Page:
The thunder was still just a gentle rumble but it served it’s purpose in warning us that a storm was on the way. As I walked through the house unplugging the TV and computer I thought about the family in our community that had a barn burn down just the day before because of a lightning strike. The storm had yet to register with my boys who were busy building towers and robots out of Legos.
We left our house early because I knew that the storm would make for a slow drive to pick up my wife. As my youngest son was getting in his car seat the gentle rumble of thunder quickly turned into a violent boom. My oldest son had a look of surprise on his face but my youngest son was crying. Loud crying. He would spend most of our drive with his hands over both ears.
When lightning flashes across the sky, adults think about what could happen. We bring kids inside because we know that each bolt is more than enough to kill and we unplug electronics because we’ve seen what a power surge can do to a TV or computer.
When most kids see lightning, they think it’s cool.
The thunder that follows is a different story. Adults rarely give it a second thought but it’s enough to send a small child running for cover.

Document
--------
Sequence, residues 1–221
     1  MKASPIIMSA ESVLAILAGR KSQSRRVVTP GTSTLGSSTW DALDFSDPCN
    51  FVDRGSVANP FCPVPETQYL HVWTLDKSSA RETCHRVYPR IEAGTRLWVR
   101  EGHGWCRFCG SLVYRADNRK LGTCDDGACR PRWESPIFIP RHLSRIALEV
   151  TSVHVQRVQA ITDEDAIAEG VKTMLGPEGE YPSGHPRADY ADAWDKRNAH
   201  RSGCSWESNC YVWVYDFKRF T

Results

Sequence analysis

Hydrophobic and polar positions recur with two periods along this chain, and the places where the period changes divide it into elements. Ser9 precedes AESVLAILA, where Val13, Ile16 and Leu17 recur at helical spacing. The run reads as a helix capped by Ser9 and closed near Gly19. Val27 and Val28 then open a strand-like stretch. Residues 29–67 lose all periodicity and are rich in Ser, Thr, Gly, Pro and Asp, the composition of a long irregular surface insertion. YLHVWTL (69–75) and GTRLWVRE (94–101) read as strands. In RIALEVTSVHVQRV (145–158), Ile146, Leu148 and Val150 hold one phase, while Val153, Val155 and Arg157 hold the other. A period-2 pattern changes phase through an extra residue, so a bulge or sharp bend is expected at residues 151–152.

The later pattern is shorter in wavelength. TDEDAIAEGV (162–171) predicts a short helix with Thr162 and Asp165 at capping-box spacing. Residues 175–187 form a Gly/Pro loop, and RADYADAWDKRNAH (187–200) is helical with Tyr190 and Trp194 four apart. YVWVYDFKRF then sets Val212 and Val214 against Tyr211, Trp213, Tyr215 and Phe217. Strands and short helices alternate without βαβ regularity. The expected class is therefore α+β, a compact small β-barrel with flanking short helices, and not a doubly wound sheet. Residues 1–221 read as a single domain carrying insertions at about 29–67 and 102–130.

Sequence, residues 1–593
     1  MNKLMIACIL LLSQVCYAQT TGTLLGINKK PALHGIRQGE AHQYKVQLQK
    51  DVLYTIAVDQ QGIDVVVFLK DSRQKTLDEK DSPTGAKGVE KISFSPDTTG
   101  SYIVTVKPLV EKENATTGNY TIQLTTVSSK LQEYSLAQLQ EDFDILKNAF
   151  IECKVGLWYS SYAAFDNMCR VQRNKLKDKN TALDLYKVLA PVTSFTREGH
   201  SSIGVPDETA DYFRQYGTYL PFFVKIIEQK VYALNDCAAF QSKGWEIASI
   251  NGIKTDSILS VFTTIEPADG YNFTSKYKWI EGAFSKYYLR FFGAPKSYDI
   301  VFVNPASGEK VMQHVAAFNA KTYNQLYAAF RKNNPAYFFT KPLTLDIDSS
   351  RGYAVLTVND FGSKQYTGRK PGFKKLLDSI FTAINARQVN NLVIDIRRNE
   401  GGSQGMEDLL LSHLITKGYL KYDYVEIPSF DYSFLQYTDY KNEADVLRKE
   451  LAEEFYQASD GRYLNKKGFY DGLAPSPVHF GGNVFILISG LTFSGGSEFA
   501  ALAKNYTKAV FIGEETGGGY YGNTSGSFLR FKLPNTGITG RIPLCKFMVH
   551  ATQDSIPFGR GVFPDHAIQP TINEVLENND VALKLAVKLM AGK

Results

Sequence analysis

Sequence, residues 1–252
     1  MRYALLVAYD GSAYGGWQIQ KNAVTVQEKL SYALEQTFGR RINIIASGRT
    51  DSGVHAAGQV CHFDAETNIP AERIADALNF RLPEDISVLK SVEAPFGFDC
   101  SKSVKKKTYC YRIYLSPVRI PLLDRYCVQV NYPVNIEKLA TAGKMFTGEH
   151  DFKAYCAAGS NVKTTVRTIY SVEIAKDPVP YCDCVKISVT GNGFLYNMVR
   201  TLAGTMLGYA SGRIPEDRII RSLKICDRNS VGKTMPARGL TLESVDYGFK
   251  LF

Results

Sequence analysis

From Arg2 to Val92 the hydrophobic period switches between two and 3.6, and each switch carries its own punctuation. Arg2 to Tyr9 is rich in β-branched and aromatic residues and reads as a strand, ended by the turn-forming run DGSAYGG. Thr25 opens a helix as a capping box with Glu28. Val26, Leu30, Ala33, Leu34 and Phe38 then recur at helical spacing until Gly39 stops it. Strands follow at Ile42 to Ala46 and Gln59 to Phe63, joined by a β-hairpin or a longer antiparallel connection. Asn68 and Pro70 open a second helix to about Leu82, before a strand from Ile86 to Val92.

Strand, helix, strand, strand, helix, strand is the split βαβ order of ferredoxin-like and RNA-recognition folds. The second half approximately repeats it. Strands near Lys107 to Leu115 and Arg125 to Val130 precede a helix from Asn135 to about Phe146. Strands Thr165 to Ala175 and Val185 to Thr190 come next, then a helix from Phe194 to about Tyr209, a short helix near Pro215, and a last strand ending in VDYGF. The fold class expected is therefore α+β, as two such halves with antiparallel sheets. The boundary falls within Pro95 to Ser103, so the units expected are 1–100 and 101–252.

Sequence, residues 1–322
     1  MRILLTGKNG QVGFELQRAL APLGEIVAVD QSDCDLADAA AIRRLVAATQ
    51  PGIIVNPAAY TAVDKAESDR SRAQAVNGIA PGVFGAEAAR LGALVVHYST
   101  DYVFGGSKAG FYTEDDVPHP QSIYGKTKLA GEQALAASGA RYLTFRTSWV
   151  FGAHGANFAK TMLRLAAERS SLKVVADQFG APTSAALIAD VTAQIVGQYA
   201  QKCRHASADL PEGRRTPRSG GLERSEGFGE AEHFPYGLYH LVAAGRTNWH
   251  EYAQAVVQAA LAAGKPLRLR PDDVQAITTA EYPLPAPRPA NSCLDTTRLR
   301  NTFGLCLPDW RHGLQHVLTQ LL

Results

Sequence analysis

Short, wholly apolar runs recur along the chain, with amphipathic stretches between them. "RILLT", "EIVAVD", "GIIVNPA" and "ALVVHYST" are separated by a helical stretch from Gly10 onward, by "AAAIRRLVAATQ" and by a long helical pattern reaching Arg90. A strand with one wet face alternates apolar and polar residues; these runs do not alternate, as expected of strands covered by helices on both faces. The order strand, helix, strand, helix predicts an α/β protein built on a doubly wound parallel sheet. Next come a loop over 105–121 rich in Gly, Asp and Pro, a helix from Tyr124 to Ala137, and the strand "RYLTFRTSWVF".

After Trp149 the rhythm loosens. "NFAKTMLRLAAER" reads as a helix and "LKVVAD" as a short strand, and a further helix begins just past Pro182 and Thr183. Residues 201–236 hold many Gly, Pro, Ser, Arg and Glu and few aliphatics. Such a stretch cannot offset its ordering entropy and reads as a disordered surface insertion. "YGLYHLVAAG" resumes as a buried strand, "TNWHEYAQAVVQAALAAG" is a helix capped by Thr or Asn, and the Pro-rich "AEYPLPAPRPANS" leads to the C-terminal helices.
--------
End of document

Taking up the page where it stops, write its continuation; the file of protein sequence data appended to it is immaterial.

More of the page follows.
Kids are afraid of thunder. Adults are afraid of lightning.
We know that we are maturing in our walk with Christ when we get our fears in order. We are prone to fear other humans because of what they might think or do to us or we are consumed with a fear of death, disease, loneliness or some other thing that could happen. But ultimately, these are all thunder. Sure, they make a lot of loud noise and are very scary but, in Christ, there’s nothing of eternal consequence they can do to us (Romans 8:31-39).
Jesus was really good at pointing our attention to the lightning, the thing that we should really fear.
And do not fear those who kill the body but cannot kill the soul. Rather fear him who can destroy both soul and body in hell. (Matthew 10:28 ESV)
Christians need not fear God because he might throw them into hell. The true Christian’s eternal inheritance is forever secure (1 Peter 1:3-5). There is also no need for us to fear God’s wrath or condemnation (Romans 8:1) because through faith and repentance, Christ took that on himself on our behalf (Romans 5:6-11).
Instead, our fear is a reverential awe before the holy and sovereign creator of the universe, the One who had every right to leave us as enemies but instead, “chose us in him before the foundation of the world” (Ephesians 1:4).
We live in a frightening world. It’s hard to go a day without hearing scary words like divorce, cancer and goodbye. But the gospel reminds us that as painful as these things are, they are still just thunder with no power over us. The funny thing is that the lightning, the really scary stuff, is actually working at full power on our behalf (John 10:28-30).
While my son sat in the back seat crying, I was in the front seat, driving the car past flashes of lightning and telling him that everything was going to be okay. And it was.
Sometimes the scariest place in the world is also the safest.